# Lecture 2. (1) Every P L A (M) has a maximal element, (2) Every ascending chain of submodules stabilizes (ACC).

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1 Lecture 2 1. Noetherian and Artinian rings and modules Let A be a commutative ring with identity, A M a module, and φ : M N an A-linear map. Then ker φ = {m M : φ(m) = 0} is a submodule of M and im φ is a submodule of N. We sometimes consider L A (M) = {M M A M}, the lattice of all A-submodules of M. Note that (L A (M), ) is, in particular, a partially ordered set under inclusion. If M = A, then L A (A) is the set of ideals of A. Definition 1.1. If every chain of A-submodules of M, N m N m+1, stabilizes, i.e., n such that N n = N n+1 =, then we say that M satisfies the Ascending Chain Condition (ACC) on submodules. Definition 1.2. Similarly, if every descending chain of A-submodules of M stabilizes, then M satisfies the Descending Chain Condition (DCC) on submodules. Proposition 1.3. Let A be a commutative ring, A M a module. Then TFAE: (1) Every P L A (M) has a maximal element, (2) Every ascending chain of submodules stabilizes (ACC). Proof. For (1) implies (2), take an ascending chain N 1 N 2. Then take P = {N 1,..., N m,...}, which has a maximal element, N n. Hence N n = N n+1 =. For (2) implies (1), take the same subset P as above, and N 1 P. If N 1 is not maximal, then there is a N 2 P such that N 1 N 2. Repeat as necessary and remark that the procedure stops since M has (ACC) on submodules. So, there is a maximal element of P. Definition 1.4. A M is Noetherian if M has (ACC) on submodules, and is Artinian if it has (DCC) on submodules. A ring A is Noetherian (Artinian) if A A is Noetherian (Artinian). Proposition 1.5. Let A, A M be as above. Then TFAE: (1) M has (ACC) on submodules, (2) Every submodule of M is finitely generated. 1

2 2 Proof. For (1) implies (2), let N be a submodule of M and take P = {L L is finitely generated and L N}. Then P is not empty since if 0 n N implies An P. Then P admits a maximal element, L 0. We claim that L 0 = N. If not, then x N such that x / L 0. Then L 0 L 0 + Ax. This contradicts the maximality of L 0. For (2) implies (1), let N = m N m. Let x, y N and r, s A. Then there exist i, j with say i < j such that x N i, y N j. Since i < j we note that N i N j which gives x, y N j. But N j is an A-submodule of M so rx + sy N j which implies that rx+sy N. This shows that N is an A-submodule of M, so it is finitely generated. Then N = (x 1,..., x k ), for some x 1,..., x k M. Take n large enough such that x 1,..., x k N n, so N n = N n+1 = = N. Proposition 1.6. Let A be a ring, and A M a module. Then TFAE: (1) M has (DCC) on submodules, (2) For every {N i } i I family of A-submodules, J I with J < such that N i = N j. i I j J Proof. For (1) implies (2), take {N i } i I, with N i M for every i. Define P = {N F M N F = N k, K <, K I}. Then M has (DCC) so P has a minimal element, k K N F0 = j J N j and J <. Take i I. Then N i N F0 P and N i N F0 N F0. The minimality of N F0 says that N i N F0 = N F0 for all i. We claim that i I since any x N F0 is in N i because N i N F0 = N F0 implies x N i. i I N i = j J N j = N F0 For (2) implies (1), take a descending chain N m N m+1. Then m N m = j J N j (with J < ). Take n the maximal integer of J. Then m N n = N n+1 =. N m = N n so (DCC) implies Example 1.7. (1) Z is Noetherian but not Artinian; Indeed, all ideal of Z are principal, so finitely generated. The (DCC) condition is not staisfied due to the chain (2 n ) (2 n 1 ) (2) Z.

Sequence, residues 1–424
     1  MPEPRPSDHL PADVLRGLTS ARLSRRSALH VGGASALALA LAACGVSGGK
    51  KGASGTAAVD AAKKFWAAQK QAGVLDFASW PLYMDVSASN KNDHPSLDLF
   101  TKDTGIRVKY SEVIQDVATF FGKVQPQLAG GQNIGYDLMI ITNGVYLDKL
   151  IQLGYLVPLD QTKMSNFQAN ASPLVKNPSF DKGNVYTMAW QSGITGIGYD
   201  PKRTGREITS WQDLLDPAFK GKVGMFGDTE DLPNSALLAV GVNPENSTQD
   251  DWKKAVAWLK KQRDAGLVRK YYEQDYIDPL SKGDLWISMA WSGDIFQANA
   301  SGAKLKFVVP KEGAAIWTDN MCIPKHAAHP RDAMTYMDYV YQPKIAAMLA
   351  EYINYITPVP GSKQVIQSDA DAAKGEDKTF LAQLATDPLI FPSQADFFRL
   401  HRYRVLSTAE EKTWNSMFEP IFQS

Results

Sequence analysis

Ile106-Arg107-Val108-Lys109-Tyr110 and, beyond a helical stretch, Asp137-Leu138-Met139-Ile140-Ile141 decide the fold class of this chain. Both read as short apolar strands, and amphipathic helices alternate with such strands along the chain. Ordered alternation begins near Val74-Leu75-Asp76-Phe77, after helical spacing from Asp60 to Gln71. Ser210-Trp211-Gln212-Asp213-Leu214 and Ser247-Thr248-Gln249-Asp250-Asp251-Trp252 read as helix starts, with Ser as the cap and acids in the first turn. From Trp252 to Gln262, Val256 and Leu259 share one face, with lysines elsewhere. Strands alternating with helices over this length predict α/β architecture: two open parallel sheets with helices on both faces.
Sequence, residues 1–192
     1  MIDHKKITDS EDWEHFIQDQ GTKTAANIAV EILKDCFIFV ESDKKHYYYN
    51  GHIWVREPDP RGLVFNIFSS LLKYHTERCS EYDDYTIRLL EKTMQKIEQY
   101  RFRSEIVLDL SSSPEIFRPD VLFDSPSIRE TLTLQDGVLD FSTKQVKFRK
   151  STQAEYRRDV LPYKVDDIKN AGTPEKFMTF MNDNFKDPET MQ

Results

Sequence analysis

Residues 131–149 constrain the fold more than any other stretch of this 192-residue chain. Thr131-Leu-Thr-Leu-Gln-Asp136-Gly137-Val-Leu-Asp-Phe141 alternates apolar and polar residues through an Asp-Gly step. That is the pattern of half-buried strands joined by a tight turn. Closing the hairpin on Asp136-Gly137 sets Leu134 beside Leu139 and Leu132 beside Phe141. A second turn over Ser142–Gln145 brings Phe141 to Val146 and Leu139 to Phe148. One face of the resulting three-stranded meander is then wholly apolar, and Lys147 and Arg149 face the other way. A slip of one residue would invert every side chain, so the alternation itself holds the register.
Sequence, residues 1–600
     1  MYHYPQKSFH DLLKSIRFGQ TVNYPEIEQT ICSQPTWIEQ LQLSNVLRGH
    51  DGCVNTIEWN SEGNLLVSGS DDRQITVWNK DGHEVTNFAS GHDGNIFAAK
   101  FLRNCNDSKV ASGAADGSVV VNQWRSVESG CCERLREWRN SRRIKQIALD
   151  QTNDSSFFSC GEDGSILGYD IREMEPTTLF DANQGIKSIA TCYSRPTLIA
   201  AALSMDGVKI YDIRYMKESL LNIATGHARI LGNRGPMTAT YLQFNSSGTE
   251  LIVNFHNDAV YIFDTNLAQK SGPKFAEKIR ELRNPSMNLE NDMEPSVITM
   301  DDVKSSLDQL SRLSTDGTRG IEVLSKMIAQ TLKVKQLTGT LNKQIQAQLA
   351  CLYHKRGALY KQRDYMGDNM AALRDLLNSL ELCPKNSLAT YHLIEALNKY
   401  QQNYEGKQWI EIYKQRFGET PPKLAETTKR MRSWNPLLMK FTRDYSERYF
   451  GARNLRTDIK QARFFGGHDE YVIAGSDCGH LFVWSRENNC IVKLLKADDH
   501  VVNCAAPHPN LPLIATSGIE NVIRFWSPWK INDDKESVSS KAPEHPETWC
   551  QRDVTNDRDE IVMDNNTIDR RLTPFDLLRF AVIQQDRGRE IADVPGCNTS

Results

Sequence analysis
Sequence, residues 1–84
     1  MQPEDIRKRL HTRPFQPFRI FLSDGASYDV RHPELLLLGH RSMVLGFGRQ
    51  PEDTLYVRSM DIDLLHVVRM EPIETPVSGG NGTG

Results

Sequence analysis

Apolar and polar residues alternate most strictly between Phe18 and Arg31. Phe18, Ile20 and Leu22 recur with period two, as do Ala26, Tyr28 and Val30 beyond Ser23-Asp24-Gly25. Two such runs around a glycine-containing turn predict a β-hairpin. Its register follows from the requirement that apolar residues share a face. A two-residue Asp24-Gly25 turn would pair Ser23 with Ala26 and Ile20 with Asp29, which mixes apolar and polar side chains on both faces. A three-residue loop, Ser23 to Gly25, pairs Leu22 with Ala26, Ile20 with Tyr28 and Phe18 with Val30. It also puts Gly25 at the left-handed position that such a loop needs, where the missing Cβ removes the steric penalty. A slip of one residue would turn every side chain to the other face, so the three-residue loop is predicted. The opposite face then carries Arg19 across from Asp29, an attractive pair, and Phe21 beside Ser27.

3 Z[x 1, x 2,...] is neither Noetherian nor Artinian; The (ACC) condition is not satisfied due to the chain I n I n+1 Z[x 1, x 2,...], where I n = (x 1,..., x n ), for all n 1. The (DCC) condition is not satisfied due to the chain J n J n+1 Z[x 1, x 2,...], where J n = (x i : i n), for all n 1. There are examples of Artinian modules that are not Noetherian, however any Artinian ring is Noetherian. Fix p a prime integer. Let C p = {z C : there exists n such that z pn = 1}. This is a Artinian Z-module which is not Noetherian. Prove this by showing that any submodule of C p is of the form C p n = {z C : z pn = 1}.. 2. Serre Class Definition 2.1. A short exact sequence (ses) of A-modules 0 M f g M M 0 is a triple of A-modules (M, M, M ) together with a pair (f, g) of A-linear maps such that f is injective, g is surjective, and Im f = ker g. Definition 2.2. Take A a family of modules over A. Assume that A is not empty. Then A is a Serre class if and only if for every short exact sequence 0 M M M 0, M A if and only if M, M A. Proposition 2.3. Let A be a Serre class. Then the following are true: (1) 0 A; (2) M A and N = M implies N A; (3) M A and L M implies L, M/L A; n (4) M 1,..., M n A implies M i A. i=1 The proof is left as an easy exercise. 3